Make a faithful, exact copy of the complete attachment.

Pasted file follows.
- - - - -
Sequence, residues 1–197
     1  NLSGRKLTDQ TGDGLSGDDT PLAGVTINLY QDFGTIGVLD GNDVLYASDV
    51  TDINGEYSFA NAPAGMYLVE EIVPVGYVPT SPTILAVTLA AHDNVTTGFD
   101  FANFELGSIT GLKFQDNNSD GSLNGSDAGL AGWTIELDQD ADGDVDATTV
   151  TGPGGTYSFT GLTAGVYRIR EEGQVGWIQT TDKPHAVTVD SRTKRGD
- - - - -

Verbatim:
Sequence, residues 1–197
     1  NLSGRKLTDQ TGDGLSGDDT PLAGVTINLY QDFGTIGVLD GNDVLYASDV
    51  TDINGEYSFA NAPAGMYLVE EIVPVGYVPT SPTILAVTLA AHDNVTTGFD
   101  FANFELGSIT GLKFQDNNSD GSLNGSDAGL AGWTIELDQD ADGDVDATTV
   151  TGPGGTYSFT GLTAGVYRIR EEGQVGWIQT TDKPHAVTVD SRTKRGD